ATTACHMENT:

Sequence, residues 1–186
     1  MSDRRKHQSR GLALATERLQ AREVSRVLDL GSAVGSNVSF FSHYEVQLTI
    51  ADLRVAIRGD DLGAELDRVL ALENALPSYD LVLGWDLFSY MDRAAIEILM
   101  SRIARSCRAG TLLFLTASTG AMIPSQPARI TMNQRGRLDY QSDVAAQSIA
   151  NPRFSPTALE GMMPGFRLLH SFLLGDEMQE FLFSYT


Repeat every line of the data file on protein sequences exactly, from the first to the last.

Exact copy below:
Sequence, residues 1–186
     1  MSDRRKHQSR GLALATERLQ AREVSRVLDL GSAVGSNVSF FSHYEVQLTI
    51  ADLRVAIRGD DLGAELDRVL ALENALPSYD LVLGWDLFSY MDRAAIEILM
   101  SRIARSCRAG TLLFLTASTG AMIPSQPARI TMNQRGRLDY QSDVAAQSIA
   151  NPRFSPTALE GMMPGFRLLH SFLLGDEMQE FLFSYT